Healthy – The word “healthy” means different things to different people; it could be physical health, emotional health, and/or overall well-being, or the absence of certain conditions. The World Health Organization (WHO) defines health as “a state of complete physical, mental, and social well-being and not merely the absence of disease or infirmity.” If a food is labeled as “healthy,” many assume it meets this goal. However, even foods labeled as “healthy” can still contain sugar (despite being fat-free or sugar-free), and artificial ingredients, including sweeteners, colors and flavors. Make sure the choices you make, including the food you eat, nourish your mind, body, and soul.

Multi-grain – Don’t get this term confused with whole-grain. Multi-grain means that a food contains more than one type of grain, although it may not be a whole grain. There is no standardized regulation or definition and the term can be added to any label as long as the product contains more than one type of grain. Always look for the word “whole” on your labels to ensure you are making the most nutritious selections.

Organic – According to the U.S. Department of Agriculture (USDA), organic products are those without growth hormones, antibiotics, conventional pesticides, synthetic fertilizers, and GMOs. Again, just because a product is organic doesn’t mean it’s any healthier than its non-organic counterpart; an organic cookie should be consumed in moderation, just like a non-organic cookie. However, if you have room in your budget, certain fruits and vegetables are best purchased organic. These are known as the “Dirty Dozen” by the Environmental Working Group (EWG) and are singled out because they contain the highest pesticide load. These include peaches, strawberries, nectarines, apples, spinach, celery, pears, sweet bell peppers, cherries, potatoes, lettuce, and imported grapes.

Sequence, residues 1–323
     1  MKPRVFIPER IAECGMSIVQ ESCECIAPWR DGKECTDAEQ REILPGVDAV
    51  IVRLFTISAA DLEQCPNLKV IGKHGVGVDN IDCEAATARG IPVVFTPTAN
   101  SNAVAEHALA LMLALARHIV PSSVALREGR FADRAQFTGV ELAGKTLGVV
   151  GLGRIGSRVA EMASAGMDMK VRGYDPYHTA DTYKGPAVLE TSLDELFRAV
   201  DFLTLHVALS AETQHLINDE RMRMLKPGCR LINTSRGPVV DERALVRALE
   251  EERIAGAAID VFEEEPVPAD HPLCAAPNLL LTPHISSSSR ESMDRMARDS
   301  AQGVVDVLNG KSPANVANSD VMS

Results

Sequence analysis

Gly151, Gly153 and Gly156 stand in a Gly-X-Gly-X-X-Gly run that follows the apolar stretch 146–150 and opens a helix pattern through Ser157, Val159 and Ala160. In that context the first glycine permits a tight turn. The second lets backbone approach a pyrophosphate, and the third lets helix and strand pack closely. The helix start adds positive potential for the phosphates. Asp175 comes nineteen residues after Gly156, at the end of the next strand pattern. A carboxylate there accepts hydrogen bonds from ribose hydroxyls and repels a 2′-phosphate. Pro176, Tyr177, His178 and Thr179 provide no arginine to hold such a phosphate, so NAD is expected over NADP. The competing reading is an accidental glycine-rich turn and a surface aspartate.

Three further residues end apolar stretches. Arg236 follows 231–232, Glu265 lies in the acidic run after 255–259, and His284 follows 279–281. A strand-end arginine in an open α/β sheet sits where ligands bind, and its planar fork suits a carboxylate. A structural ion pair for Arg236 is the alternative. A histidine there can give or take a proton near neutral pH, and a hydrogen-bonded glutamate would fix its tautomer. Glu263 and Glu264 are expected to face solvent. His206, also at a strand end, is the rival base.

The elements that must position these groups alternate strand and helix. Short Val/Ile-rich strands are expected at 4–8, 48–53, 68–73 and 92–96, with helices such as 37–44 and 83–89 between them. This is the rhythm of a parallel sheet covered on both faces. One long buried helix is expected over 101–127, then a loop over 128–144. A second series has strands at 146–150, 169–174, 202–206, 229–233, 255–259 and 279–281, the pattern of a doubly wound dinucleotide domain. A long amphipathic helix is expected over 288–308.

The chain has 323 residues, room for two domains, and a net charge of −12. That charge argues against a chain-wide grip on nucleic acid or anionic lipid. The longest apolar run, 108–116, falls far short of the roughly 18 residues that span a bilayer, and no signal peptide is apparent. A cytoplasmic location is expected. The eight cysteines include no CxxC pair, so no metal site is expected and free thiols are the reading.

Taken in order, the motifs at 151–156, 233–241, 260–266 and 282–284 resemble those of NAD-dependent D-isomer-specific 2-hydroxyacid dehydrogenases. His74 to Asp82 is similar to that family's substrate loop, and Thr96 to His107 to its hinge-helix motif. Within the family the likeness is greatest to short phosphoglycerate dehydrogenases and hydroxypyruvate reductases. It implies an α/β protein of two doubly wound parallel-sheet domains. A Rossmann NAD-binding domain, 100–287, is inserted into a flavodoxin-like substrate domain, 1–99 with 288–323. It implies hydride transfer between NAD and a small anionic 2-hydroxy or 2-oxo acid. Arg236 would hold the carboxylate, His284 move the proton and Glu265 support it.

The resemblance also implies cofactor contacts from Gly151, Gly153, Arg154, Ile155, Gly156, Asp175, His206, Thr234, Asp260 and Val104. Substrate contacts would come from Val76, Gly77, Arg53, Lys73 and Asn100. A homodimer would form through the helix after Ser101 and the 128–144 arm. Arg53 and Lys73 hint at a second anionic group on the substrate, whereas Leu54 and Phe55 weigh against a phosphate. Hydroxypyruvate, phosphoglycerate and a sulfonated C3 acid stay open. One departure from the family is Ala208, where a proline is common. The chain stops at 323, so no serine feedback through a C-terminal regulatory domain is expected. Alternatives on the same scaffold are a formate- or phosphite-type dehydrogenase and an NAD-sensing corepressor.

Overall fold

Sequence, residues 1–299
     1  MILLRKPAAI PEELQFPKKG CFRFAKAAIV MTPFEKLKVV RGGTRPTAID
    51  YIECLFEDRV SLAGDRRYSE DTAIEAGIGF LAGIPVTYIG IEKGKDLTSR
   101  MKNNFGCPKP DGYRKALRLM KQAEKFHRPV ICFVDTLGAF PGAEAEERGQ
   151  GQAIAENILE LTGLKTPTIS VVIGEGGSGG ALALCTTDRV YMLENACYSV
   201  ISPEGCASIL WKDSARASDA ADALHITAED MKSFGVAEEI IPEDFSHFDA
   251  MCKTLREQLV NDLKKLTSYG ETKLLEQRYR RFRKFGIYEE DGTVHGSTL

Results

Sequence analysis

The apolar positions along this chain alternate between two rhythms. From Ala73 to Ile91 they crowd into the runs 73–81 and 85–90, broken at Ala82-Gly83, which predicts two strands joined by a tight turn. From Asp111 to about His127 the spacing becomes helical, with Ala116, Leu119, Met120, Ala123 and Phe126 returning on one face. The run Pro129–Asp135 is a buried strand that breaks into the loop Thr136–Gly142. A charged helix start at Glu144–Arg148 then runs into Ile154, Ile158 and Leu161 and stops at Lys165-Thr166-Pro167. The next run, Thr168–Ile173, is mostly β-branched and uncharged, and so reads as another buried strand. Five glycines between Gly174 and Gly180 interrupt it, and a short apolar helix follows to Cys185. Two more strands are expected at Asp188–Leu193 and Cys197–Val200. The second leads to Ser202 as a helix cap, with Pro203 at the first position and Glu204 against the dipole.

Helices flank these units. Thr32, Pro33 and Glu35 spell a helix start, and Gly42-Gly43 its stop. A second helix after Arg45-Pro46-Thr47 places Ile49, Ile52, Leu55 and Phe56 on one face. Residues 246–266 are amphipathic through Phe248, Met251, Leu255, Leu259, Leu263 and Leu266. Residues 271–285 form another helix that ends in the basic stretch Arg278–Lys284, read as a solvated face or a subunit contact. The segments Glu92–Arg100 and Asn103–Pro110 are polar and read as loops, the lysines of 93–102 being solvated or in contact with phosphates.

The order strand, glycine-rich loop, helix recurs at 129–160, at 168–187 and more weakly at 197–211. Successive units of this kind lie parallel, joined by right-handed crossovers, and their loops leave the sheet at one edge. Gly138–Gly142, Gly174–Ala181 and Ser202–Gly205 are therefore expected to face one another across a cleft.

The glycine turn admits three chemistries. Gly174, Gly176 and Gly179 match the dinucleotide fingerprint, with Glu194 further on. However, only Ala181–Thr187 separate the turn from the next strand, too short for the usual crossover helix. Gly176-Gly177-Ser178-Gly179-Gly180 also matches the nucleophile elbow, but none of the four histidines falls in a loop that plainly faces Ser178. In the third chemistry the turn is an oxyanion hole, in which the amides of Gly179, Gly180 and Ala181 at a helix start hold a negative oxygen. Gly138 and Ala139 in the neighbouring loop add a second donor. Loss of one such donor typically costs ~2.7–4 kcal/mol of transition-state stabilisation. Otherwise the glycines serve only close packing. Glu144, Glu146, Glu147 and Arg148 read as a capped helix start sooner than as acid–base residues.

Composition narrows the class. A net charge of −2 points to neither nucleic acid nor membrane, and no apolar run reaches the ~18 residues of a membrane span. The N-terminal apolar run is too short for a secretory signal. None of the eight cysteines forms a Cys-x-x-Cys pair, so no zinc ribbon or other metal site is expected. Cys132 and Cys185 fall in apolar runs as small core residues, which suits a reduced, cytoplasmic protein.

Preservatives – These are substances used in products to prevent decay and other undesirable changes. Preservation can either be chemical, adding a compound to a product, or physical, such as refrigeration or drying. Preservatives reduce the risk of food-borne infections, decrease spoilage, and preserve quality. A common additive that prevents oxidation is ascorbic acid (vitamin C).

Superfoods – While there is no legal definition of superfoods, these are foods that are nutritional powerhouses and pack large amounts of antioxidants, vitamins, and minerals. Blueberries, acai, goji, seeds, and green tea are all considered superfoods.

Wellness – If we think we are healthy, then what does it mean to be well? My favorite definition is from Dr. Bill Hettler, MD, co-founder of the National Wellness Institute, “Achieving wellness is about finding balance in the six equal areas of your life: physical, emotional, intellectual, spiritual, social and occupational.” A high level of wellness is crucial to living a healthy life. Everything we do feeds our well-being.

What words often confuse you when making decisions for you and your family?